Davis Mountains Discoveries Reach New Heights

It’s unusual for a birder to visit the Davis Mountains in West Texas in November, but I like it. The grasslands are alive with Horned Larks, Lark Buntings, longspurs, and sparrows settling in for the winter. Ferruginous Hawks have returned in large numbers, and I’m looking forward to seeing eagles—Golden Eagles that will spend the winter hunting jackrabbits and other wildlife on the Davis Mountains Scenic Loop Drive.

I’ve spent much of the day lounging against the Sleeping Lion Formation’s towering, extending granite columns above Fort Davis National Historical Site. The brightness of the late autumn light has prompted me to engage in “passive birding,” allowing the birds to come to me while rereading portions of Fred Gehlbach’s Mountain Islands and Desert Seas. This intriguing study of Borderlands natural history highlights the ecological significance of the Mountain Islands located in Texas, Arizona, and New Mexico. I wonder about the present severe drought and what it will teach us about the factors that have sculpted the plant and animal populations of these various Mountain Islands between visits from interested Greater Roadrunners and the passing shadows of Turkey Vultures. A Red-tailed Hawk has lingered around for what feels like an eternity while I sit here reading. His talent of concentration is stronger than mine.

The Davis Mountains are a mystery. They are southern Rocky Mountain outliers and northern Sierra Madre outliers in Mexico. They include relic forests constructed during wet circumstances of the later Pleistocene, similar to the famed “Sky Island” mountains of Southeast Arizona and the Chisos Mountains of adjacent Big Bend National Park. They now produce their own weather by sucking moisture from air masses that pass the mountains. The high peaks of Mt. Livermore physically reverse air currents, as seen by distinct concentric rings on a regional weather chart. These mountains are located in West Texas’ “barren regions,” yet they start a mile high and ascend to 8,352 feet. They are surrounded by massive granite palisades. On one side, water is sent to the Rio Grande. On the other hand, they feed an artesian spring that produces about 80 million gallons of water every day. They have the lone Grizzly Bear record in Texas—an elderly guy shot in 1890.

The Davis Mountains are one of four mountain ranges that run from Northern Coahuila, Mexico, to West Texas like ecological stepping stones. The Sierra del Carmens, Chisos Mountains, Davis Mountains, and Guadalupe Mountains are from southeast to northwest. The Sierra del Carmens has the most quantity of forest habitat over 5,500 feet, which is critical for bird diversity. They are around the size of the Chiricahua Mountains in Arizona, with 115 square miles of wooded habitat. The Davis Mountains are 70 square miles in size, the Guadalupes are 65 square miles, and the Chisos are just 10 square miles of valuable Pleistocene relic forest. The Sierra del Carmens is about 40 kilometres southeast of the Chisos. These are located 100 miles southeast of the Davis Mountains, which are located 100 miles southeast of the Guadalupe Mountains.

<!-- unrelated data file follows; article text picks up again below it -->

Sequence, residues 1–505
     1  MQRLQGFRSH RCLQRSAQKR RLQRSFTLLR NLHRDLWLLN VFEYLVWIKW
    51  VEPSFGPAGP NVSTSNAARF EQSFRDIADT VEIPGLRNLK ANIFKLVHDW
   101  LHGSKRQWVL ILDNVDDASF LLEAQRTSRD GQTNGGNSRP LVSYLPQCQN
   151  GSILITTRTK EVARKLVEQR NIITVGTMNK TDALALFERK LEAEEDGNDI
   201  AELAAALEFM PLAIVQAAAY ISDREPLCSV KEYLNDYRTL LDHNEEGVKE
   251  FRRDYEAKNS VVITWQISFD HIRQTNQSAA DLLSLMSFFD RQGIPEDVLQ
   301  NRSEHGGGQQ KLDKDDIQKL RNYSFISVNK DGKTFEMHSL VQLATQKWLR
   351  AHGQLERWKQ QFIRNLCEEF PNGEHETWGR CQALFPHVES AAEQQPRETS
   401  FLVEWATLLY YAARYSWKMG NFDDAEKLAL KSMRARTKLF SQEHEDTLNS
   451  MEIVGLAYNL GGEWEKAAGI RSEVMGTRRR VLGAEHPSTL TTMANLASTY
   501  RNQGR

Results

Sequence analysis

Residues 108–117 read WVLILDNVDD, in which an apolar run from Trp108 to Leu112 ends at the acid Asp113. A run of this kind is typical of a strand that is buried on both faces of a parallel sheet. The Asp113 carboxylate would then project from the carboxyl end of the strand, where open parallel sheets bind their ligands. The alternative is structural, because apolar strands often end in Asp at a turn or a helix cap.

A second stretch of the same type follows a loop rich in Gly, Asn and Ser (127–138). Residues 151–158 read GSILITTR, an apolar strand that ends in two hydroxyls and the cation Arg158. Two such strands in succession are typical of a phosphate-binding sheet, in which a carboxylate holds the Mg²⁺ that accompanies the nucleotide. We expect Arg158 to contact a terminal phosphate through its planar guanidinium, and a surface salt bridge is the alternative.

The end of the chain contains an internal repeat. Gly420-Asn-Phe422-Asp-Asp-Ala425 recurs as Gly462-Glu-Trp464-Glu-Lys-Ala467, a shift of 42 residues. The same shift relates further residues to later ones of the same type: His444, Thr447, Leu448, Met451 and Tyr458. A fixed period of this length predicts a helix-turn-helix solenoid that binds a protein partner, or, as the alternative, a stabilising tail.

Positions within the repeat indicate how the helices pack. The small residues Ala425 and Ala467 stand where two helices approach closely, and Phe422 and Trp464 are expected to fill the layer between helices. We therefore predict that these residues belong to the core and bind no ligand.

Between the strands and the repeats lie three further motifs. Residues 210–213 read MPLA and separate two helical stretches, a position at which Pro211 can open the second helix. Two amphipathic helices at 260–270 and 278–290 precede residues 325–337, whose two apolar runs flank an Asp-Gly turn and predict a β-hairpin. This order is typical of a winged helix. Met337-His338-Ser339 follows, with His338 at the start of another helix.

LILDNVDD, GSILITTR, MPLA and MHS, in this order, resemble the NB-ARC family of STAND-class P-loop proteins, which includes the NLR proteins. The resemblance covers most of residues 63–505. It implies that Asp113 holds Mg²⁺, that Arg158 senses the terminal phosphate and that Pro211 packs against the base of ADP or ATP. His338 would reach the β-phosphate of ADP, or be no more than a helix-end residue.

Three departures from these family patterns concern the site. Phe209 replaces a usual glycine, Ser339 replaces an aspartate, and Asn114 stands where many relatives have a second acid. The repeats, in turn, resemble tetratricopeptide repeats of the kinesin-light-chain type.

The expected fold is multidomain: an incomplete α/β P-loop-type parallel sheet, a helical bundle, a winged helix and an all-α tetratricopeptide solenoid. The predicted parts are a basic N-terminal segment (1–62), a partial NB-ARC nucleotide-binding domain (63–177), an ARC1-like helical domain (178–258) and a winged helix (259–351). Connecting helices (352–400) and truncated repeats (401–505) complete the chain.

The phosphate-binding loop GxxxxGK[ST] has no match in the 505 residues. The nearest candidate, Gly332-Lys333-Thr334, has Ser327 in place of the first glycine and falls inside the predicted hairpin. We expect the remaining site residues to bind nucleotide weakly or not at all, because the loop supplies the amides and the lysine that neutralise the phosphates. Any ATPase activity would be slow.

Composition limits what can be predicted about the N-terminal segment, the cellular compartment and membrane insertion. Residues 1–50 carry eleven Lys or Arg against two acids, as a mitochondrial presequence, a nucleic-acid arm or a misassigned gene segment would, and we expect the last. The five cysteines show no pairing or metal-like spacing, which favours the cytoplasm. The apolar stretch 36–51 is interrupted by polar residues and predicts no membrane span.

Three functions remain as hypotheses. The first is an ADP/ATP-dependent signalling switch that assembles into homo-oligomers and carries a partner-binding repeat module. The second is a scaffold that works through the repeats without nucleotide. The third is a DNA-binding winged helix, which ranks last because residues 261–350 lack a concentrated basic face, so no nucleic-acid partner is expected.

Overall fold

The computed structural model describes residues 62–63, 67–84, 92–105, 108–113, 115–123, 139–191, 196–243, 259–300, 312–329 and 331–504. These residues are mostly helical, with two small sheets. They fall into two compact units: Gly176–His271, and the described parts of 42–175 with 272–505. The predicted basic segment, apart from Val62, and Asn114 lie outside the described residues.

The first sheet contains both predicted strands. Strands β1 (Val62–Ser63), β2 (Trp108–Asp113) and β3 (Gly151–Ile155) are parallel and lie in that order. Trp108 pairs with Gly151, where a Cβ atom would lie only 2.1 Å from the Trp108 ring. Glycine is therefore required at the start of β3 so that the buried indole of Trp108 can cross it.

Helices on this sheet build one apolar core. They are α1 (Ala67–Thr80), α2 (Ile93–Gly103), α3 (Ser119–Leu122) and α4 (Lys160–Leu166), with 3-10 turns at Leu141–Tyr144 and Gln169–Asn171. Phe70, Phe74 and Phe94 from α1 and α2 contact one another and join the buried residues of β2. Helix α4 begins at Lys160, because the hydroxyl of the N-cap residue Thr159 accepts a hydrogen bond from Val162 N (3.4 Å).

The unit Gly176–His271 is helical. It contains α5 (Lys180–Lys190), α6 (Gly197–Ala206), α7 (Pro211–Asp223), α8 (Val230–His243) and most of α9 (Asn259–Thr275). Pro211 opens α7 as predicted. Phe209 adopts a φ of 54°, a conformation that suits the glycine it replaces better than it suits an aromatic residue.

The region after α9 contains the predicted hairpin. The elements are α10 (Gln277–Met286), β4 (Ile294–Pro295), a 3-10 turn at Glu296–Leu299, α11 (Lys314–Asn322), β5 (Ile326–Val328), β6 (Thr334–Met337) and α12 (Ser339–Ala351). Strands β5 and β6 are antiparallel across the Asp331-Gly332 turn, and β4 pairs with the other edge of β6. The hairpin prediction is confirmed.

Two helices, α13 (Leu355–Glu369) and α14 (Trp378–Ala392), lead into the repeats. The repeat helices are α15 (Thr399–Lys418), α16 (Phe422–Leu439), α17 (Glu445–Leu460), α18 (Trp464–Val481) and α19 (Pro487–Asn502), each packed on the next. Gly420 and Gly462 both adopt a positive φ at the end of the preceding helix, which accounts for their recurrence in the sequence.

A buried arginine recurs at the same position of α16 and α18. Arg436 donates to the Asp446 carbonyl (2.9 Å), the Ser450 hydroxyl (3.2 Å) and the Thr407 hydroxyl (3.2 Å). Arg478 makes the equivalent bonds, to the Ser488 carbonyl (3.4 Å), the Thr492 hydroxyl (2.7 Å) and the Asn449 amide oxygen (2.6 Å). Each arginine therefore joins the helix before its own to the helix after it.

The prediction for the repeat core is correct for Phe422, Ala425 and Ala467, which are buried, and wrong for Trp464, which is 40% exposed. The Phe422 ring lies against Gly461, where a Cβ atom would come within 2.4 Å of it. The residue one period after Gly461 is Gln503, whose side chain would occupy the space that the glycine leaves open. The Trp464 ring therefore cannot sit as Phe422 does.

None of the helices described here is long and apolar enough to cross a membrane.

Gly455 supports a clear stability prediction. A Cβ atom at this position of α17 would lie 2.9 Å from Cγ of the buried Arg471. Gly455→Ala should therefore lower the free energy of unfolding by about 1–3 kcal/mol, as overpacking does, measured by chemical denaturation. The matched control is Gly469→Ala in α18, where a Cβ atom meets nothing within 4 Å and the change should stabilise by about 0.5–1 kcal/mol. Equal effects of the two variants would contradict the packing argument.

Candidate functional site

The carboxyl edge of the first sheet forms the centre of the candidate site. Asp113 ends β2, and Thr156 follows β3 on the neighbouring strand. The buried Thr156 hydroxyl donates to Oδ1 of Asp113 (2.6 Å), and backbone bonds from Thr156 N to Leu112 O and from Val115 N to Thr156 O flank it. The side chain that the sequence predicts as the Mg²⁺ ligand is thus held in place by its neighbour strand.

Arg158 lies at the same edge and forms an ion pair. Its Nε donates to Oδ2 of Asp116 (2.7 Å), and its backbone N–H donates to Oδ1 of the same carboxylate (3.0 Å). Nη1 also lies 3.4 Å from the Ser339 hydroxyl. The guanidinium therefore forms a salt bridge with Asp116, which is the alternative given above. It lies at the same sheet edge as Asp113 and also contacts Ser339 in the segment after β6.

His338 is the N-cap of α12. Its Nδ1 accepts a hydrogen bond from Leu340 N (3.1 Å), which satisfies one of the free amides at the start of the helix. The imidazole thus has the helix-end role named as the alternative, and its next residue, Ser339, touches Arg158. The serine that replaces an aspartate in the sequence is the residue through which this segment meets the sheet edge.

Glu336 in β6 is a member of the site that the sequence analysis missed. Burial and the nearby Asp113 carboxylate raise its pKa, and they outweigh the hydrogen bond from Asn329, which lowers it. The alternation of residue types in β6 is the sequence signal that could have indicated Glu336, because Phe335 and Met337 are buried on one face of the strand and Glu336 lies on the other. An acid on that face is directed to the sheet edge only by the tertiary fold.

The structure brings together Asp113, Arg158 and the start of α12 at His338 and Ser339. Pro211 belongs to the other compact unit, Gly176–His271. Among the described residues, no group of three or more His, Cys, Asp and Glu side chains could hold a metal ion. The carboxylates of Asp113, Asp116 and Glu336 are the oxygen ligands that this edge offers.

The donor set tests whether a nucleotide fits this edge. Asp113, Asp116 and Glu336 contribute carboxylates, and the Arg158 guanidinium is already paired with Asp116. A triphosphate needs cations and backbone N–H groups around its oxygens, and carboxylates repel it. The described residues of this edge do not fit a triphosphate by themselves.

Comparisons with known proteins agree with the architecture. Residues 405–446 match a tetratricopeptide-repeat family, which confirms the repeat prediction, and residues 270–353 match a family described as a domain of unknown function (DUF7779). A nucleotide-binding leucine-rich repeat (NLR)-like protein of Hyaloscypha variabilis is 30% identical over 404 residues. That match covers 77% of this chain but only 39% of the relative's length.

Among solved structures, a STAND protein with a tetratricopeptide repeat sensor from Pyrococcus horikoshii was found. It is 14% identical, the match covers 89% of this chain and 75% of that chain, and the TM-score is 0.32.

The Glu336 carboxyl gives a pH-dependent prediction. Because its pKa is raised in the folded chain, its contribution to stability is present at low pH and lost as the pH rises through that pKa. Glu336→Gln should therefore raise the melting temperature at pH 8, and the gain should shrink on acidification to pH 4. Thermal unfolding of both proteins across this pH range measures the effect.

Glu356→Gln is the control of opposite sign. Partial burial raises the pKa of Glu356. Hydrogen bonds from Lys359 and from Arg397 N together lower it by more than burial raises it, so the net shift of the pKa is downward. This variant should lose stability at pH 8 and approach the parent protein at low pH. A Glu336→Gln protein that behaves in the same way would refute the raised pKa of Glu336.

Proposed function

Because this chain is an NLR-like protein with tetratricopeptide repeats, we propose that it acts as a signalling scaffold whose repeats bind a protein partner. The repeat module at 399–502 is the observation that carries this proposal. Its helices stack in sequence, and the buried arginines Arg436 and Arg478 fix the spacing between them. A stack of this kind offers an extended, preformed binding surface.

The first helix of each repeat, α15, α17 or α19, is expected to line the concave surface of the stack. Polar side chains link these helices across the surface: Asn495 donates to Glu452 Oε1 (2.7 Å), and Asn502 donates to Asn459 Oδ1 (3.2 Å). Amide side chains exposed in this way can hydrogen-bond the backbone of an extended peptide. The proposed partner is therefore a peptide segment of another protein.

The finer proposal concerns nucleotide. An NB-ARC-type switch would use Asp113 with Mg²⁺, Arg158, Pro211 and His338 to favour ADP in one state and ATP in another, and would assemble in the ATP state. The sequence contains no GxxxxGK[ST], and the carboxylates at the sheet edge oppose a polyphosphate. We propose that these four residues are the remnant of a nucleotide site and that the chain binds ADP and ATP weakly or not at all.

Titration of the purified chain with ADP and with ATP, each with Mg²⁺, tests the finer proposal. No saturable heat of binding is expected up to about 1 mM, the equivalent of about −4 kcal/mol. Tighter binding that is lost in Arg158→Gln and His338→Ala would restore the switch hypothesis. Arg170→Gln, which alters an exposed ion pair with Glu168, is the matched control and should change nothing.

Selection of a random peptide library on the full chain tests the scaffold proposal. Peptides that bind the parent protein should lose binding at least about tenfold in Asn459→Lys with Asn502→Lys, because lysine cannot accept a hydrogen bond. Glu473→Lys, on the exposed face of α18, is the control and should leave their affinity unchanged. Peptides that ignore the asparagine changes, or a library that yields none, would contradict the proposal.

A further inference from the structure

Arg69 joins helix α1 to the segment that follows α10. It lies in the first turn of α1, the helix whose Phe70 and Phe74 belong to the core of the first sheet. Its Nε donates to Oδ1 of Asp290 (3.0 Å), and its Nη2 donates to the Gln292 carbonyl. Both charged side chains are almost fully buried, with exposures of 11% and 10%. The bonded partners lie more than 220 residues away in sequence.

Each of the four ranges has a high amount of variety due to the rugged geography. Mt. Loomis, which stands at 8,960 feet, is the highest mountain in the Sierra del Carmens. Emory Peak in the Chisos rises to 7,825 feet, Mt. Livermore in the Davis rises to 8,378 feet, and Guadalupe Peak in the Guadalupes climbs to 8,679 feet. In response to rainfall, all of the ranges exhibit a similar tiered development of plant kinds, which intensifies at higher altitudes. All contain uncommon, damp Madrean Oak Woodland and are flanked by large desert or grassland “seas” at lower altitudes.

Since the area endured chilly, rainy weather at the end of the Pleistocene, the damp forests of these Mountain Islands have been separated from each other for at least 10,000 years. While there were no glaciers in the border ranges, packrat middens and pollen studies show that pinyon and juniper flourished 2,500-3,000 feet lower during the end of the Pleistocene. These mountains were linked by extensive woods. As heat and drought persisted, forests withdrew up the slope. Deserts in North America are a relatively new phenomena. Many of our desert flora first appeared 4,000-8,000 years ago.

The Texas Mountain Islands chain is significantly more remote than its Arizona/New Mexico equivalent. In a 1974 research comparing the breeding bird populations of four Texas ranges, Roland Wauer and J.D. Ligon regarded distance to more broad mountain ranges to be a crucial determinant in comparative variety. It is 200 miles from the Sierra del Carmens to the huge Mexican peaks of the Sierra Madre Occidental or the Sierra Madre Oriental. Conifer habitat is not met in the United States until the Animas/Guadalupe/Pelenciillo mountains on the Arizona/New Mexico border, which is several hundred miles away. Only to the north, in the adjacent Santiago Range of the Southern Rockies, do the Guadalupes have a proximate supply of higher elevation species.